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Plantar Fasciitis for Sprinters is Never Fun

 

Injuries of any kind are never enjoyable for anyone. Knowing how to manage your injuries once they occur will help you with the frustration of getting knocked out of your game or minimizing down time in your training. Plantar Fasciitis is especially annoying because it takes some time to develop and by the time you feel this pain in your foot there is no quick fix except making the decision to act fast once it happens.

 

The Key Characteristic of the Plantar Fascia makes healing slow

 

The thick fibrous material making up the bottom of the foot contributes to the length of time this injury takes to heal. Fascia tissue does not have the same blood flow characteristics as other tissue in the body. Knowing this in advance may help you understand consistency and thoroughness of treatment will be required.

 

My Recommendations if you have Plantar Fasciitis

 

Look at some of the predisposing factor, as it’s helpful to know what you are up against.

 

Predisposing Factors of Plantar Fasciitis

 

  1. Flat pronated feet. (approximately 75 % of the general population pronate)
  2. High arched rigid feet
  3. Inappropriate/ improper shoes
  4. Toe running or hill running
  5. Soft terrain (running on sand)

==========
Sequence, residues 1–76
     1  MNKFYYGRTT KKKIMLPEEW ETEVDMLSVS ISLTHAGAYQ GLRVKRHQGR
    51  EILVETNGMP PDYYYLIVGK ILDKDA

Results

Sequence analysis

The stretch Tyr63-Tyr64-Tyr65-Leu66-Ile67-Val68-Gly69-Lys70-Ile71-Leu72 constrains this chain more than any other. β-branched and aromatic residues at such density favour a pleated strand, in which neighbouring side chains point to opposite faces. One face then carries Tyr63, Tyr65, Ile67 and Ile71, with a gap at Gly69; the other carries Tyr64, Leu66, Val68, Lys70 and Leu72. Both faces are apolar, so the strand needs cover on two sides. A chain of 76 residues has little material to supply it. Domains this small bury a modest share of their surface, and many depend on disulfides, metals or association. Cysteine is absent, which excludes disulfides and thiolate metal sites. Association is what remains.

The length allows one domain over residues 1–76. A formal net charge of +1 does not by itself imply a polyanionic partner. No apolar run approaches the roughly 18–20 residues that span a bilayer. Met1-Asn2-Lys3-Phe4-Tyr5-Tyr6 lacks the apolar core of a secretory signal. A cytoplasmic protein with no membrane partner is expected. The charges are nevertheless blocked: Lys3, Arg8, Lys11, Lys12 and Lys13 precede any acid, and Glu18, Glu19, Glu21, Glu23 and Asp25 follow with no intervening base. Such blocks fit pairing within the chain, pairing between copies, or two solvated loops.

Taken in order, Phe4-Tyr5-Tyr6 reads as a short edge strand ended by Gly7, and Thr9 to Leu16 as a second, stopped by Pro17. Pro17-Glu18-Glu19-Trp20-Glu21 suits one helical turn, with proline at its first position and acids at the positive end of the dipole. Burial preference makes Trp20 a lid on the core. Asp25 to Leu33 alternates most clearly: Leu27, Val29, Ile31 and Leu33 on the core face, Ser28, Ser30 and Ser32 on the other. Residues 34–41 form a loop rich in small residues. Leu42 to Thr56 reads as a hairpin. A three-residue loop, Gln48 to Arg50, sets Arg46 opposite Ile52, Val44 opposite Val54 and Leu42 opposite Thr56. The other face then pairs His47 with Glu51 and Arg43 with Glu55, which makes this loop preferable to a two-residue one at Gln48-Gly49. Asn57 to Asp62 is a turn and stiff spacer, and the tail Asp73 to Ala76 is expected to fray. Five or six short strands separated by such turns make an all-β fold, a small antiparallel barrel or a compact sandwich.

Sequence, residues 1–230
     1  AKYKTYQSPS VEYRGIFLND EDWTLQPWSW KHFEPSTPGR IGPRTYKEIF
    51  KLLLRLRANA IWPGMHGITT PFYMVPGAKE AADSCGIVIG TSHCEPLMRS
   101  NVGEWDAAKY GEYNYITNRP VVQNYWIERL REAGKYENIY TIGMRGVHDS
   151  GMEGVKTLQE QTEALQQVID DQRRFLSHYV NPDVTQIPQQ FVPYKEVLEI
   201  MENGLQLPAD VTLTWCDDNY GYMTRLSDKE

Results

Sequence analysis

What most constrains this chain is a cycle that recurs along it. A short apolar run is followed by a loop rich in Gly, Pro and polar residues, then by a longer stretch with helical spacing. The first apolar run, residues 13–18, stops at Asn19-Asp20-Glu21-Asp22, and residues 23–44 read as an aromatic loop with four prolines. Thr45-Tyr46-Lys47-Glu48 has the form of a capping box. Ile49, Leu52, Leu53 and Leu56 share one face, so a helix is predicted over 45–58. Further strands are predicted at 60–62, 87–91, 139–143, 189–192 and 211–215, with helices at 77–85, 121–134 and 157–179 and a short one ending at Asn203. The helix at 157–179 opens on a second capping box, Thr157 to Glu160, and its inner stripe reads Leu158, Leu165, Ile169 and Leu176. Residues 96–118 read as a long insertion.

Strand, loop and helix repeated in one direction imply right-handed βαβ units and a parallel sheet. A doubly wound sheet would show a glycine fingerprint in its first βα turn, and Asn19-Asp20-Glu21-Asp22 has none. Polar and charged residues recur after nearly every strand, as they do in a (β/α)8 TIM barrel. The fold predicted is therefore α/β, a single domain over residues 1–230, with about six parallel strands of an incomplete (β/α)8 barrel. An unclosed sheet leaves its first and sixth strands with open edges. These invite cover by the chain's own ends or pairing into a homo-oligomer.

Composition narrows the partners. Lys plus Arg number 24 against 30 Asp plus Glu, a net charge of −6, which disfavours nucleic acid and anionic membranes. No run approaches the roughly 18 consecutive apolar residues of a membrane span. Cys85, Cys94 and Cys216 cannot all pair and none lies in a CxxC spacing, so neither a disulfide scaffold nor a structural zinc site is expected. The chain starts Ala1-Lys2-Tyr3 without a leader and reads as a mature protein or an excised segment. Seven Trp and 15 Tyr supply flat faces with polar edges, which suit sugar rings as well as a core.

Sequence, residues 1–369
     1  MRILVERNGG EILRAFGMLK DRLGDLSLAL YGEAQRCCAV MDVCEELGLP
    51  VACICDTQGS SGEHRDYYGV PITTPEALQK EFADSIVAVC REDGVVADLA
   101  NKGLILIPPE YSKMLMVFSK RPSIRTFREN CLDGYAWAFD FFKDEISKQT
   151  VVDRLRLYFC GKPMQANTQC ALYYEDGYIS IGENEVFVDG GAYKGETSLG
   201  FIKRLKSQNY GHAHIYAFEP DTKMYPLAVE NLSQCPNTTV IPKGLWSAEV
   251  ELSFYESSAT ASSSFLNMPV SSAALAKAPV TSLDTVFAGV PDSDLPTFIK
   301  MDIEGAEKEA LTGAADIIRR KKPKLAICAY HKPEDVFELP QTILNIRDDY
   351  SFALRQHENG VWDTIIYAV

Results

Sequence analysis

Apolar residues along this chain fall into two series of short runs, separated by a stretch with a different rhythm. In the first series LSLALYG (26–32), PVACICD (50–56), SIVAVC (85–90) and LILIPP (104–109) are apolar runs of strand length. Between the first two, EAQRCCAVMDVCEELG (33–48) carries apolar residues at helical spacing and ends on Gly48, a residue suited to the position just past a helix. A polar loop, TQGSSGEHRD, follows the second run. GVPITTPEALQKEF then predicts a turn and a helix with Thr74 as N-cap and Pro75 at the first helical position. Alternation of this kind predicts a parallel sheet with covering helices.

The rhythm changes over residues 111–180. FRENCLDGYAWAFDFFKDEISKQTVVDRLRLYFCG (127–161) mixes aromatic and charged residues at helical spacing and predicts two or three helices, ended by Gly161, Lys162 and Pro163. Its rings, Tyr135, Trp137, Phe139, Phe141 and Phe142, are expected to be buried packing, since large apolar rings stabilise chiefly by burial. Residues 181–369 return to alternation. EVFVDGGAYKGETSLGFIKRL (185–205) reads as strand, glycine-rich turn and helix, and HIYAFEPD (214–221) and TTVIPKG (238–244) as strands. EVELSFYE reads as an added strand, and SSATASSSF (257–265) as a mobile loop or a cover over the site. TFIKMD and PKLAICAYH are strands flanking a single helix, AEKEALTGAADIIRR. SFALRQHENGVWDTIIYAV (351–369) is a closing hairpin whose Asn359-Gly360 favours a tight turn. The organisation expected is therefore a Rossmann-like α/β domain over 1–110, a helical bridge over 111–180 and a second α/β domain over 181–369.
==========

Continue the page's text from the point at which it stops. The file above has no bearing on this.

6. Increased age

 

Note: One of the things I do proactively in hope to prevent recurring Plantar Fasciitis is I try and replace my training shoes often to keep the protection and cushion for my feet.

 

Assume the worst but plan for the best

 

By assuming the worst and hoping for the best you set yourself up for the mind set to do what is needed to take the necessary steps to heal as fast as you are able. My experience with injuries in general with both athletes and non-athletes is people don’t take injuries seriously or they feel helpless with the injury. A balance of taking the injury seriously while working hard at the right things will minimize the difficulties everyone experiences when an injury occurs. Many people will commonly explain that you need to be patient with this injury in particular. All injuries take time to properly heal. Have faith that you will be able to manage and work around what every you need to while working towards a pain free foot.

 

Inflammation

 

The sooner and more routinely you can get the inflammation under control the more of a chance you have to create needed circulation in an area where blood flow is already compromised. Methods of reducing inflammation are 1. Medications such as anti-inflammatory pills and creams, 2. Physio therapy which might include acupuncture, or electric muscle stimulation.3. I would discourage the use of Cortisol 4. If someone suggests surgery for your feet make sure you learn as much as possible before deciding what cannot be reversed. 5.Inflammation can be controlled through knowledgeable nutrition. Acidic diets cause routine inflammation. I wish I had understood more about dietary inflammation as an athlete. 6. Ice, Ice baths and contrast baths – see below.

 

Ice , Ice baths (in pails or tubs of water) and contrast baths